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Entries in Wales (5)


Is Wales really falling behind England?

“A failing airport nationalised, school league tables abandoned to trade union barons who don’t want a light shone on their own under-performance, and a health service where party apparatchiks put dogma before patient safety.

This is what 15 years of Labour misrule has brought to Wales.

A land of free bus passes and prescriptions where a determination to put “clear red water” between Wales and Westminster has seen a wrong-headed rejection of ideas that might have worked here, simply because they have also been deployed over the border.

At least, that’s how London’s Tory-supporting newspapers like the Daily Mail, The Sun and the The Times, are now selling Wales to the world, with just a year or so to go to a general election.

But how much is crude politicking and how much legitimate scrutiny of important failings?” (WalesOnline 31 March 2014 - See the full comparison here )

Pisa ranks Wales’ education the worst in the UK

Wales has fallen behind the rest of the UK (BBC) significantly in reading, maths and science for the third time, an international study has shown. (PISA OECD 2012)

The tests in science, maths, and reading were taken by 500,000 15-year-olds in 68 countries.

In Wales, there were lower results on average in the three subjects than in England, Northern Ireland and Scotland.

Scotland leads the way in the UK in maths and reading, while England is ahead in science.

  • In maths, Wales fell three places to 43rd of the 65 countries
  • In reading, the nation is now ranked at 41 down from 38
  • The biggest fall came in science where Wales dropped six places to joint 36th

Welsh Household Income Falls, Food Bank Use Increases

The BBC reports

Household incomes in Wales fell by an average of £80 per month in one year, official figures have shown.

Office of National Statistics figures from 2009/10 to 2010/11 say average UK weekly income fell from £373 to £359, with average household income in Wales 12% lower than the country as a whole.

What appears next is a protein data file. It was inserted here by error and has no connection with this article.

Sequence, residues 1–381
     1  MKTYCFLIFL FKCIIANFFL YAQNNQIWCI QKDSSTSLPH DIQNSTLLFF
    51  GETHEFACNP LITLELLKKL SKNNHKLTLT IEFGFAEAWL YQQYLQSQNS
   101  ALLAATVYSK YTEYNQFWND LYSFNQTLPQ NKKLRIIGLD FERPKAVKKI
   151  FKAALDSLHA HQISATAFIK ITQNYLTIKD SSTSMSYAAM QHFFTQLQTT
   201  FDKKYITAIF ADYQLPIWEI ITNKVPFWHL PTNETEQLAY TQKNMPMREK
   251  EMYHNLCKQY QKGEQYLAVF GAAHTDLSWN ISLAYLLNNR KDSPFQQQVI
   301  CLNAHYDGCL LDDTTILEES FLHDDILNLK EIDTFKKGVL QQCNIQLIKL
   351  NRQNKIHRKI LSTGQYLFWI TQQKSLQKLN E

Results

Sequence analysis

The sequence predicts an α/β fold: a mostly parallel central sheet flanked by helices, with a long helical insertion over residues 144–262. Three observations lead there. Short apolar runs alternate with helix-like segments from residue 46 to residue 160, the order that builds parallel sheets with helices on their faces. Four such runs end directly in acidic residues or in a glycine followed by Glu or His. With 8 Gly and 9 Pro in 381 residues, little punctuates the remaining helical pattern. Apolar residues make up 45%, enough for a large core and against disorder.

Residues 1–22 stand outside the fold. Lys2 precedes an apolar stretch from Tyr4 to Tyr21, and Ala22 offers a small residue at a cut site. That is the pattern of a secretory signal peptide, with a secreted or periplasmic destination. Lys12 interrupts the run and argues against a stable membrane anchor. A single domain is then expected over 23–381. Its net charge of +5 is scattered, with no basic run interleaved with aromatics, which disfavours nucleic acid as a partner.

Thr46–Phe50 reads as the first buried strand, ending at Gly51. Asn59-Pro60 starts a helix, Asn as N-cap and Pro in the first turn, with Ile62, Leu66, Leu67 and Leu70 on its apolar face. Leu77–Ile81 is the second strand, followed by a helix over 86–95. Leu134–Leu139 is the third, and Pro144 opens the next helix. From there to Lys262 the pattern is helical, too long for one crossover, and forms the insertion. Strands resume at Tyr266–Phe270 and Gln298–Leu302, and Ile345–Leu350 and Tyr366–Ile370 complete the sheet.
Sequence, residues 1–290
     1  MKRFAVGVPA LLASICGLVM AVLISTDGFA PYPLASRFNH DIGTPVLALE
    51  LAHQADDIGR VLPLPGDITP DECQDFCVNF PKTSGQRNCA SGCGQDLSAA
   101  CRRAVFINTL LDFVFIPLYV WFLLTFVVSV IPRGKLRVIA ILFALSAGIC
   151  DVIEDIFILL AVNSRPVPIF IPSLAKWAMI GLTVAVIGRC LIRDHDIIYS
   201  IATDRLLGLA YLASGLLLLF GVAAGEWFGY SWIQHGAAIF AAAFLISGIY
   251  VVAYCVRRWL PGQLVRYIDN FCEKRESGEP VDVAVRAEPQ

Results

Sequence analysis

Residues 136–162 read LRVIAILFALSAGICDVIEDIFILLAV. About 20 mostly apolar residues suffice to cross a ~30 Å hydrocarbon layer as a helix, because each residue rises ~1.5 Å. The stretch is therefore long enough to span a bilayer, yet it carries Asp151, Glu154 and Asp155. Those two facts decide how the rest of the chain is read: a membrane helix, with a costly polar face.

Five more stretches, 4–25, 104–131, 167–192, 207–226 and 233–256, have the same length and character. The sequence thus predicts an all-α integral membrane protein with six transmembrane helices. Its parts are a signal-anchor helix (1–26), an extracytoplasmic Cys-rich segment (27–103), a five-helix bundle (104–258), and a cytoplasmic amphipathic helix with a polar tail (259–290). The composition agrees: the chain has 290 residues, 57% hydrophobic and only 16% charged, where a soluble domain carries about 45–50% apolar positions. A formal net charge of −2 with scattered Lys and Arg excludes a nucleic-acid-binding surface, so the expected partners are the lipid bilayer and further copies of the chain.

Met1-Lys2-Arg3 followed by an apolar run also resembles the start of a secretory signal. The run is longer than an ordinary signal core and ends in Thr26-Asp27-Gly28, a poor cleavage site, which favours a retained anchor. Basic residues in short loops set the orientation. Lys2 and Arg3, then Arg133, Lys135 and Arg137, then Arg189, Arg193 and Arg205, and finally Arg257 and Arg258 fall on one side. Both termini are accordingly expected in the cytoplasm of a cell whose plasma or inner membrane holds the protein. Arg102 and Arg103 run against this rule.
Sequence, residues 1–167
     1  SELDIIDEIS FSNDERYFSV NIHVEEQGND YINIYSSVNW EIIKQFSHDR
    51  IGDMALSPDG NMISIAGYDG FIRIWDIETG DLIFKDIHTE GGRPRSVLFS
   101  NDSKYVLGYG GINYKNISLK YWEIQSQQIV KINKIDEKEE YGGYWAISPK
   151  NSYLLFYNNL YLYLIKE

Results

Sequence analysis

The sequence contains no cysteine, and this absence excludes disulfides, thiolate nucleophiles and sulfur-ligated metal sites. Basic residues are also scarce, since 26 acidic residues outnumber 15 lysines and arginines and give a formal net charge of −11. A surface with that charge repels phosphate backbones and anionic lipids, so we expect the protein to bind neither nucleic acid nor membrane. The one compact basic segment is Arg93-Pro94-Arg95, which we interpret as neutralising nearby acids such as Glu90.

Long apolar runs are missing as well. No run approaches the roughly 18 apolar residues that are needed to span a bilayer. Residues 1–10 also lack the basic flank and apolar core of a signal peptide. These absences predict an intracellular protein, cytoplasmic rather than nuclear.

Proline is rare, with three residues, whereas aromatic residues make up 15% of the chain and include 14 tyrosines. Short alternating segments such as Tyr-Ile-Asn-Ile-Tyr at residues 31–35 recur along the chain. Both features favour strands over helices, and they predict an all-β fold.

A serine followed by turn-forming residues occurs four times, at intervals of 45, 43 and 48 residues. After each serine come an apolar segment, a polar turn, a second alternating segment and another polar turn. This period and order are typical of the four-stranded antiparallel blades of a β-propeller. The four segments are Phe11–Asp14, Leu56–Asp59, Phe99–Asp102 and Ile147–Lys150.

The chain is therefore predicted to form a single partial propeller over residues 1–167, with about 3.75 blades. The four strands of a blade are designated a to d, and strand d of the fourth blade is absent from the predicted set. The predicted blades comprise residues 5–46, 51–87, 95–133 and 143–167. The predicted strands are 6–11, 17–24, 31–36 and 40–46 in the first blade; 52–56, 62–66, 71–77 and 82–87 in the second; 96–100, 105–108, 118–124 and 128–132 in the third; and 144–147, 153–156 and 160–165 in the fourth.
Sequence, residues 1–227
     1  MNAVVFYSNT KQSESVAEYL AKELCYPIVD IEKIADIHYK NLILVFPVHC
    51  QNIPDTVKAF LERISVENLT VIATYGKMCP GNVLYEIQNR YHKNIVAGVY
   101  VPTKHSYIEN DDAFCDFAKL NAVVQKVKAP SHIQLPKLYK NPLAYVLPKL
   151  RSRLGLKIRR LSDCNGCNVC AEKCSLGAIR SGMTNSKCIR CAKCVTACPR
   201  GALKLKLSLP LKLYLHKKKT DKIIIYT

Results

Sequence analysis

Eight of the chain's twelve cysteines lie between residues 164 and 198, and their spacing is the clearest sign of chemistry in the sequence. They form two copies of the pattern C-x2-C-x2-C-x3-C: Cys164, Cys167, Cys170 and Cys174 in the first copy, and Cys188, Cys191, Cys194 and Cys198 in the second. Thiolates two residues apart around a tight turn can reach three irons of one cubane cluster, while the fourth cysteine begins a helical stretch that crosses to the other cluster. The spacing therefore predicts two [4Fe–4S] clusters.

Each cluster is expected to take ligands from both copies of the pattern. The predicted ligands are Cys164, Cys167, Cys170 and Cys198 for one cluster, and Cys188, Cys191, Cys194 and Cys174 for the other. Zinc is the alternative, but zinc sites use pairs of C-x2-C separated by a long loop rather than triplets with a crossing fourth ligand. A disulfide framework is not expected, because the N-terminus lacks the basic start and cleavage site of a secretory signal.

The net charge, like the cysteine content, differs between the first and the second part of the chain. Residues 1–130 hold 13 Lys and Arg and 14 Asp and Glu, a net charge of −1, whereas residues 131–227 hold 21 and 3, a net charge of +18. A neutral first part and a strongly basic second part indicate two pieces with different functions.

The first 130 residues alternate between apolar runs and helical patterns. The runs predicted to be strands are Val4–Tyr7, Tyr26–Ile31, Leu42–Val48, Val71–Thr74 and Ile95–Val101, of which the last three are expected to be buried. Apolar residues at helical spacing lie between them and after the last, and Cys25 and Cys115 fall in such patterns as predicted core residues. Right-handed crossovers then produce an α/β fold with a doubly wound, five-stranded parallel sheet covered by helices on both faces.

At the same time over the past year, the number given food parcels in Wales has reached a record 23,000.

A report published by The Trussell Trust shows UK food bank use increasing. 

Trussell Trust figures released this week show that foodbanks fed 128,697 people nationwide in the last financial year, compared to 61,468 in 2010-11: an increase of 109%. Many of those helped were families struggling as a result of rising food and fuel prices combined with static incomes, high unemployment and changes to benefits. 45,898 children have been fed in the last 12 months

Fuel Poverty:

In addition the ONS “Measuring National Well-being - Personal Finance, 2012“ report states:

In the UK in 2010, 4.8 million households (approximately 19 per cent of all UK households) were in fuel poverty, a fall of 0.7 million since 2009 


Interactive map of Food Banks in the UK:

View The Trussell Trust foodbank Network in a larger map


Ecodesign Centre (EDC) Recruiting

The Ecodesign Centre are recruiting a policy-focused research assistant to work on ecodesign projects - - view job description 

Research Assistant

Post No: CT7541
Closing Date: 21st August 2012
Salary: £22,475 - £26,779 pa
Hours: 37 hours per week
Tenure: Fixed Term until 30th August 2013
Department: Ecodesign Centre (EDC), Cardiff Business Technology Centre


Guardian: Sustainable development flourishing in Wales's green economy

Wales is fast becoming Europe’s testbed for sustainable development and what the UN would call “the green economy”.

Not only does it have three of Europe’s pioneering solar cell makers –Sharps in WrexhamG24 in Cardiff and Dyesol at Shotton – it aims to be totally self-sufficient in renewable energy, it’s the only country in the UK to introduce statutory recycling and waste targets, it has put a tax on plastic bags, it has the impressive Centre for Alternative Technology at Machynlleth turning out a new generation of clean energy engineers, and its local authorities are investing heavily in renewables.

Moreover, it is one only three nations in the world to have sustainable development enshrined in its constitution, and later this year, it hopes to underline its growing divergence from Westminster by passing one of the world’s first laws to force all government spending to take into account environment and social needs.


Read the complete Guardian piece here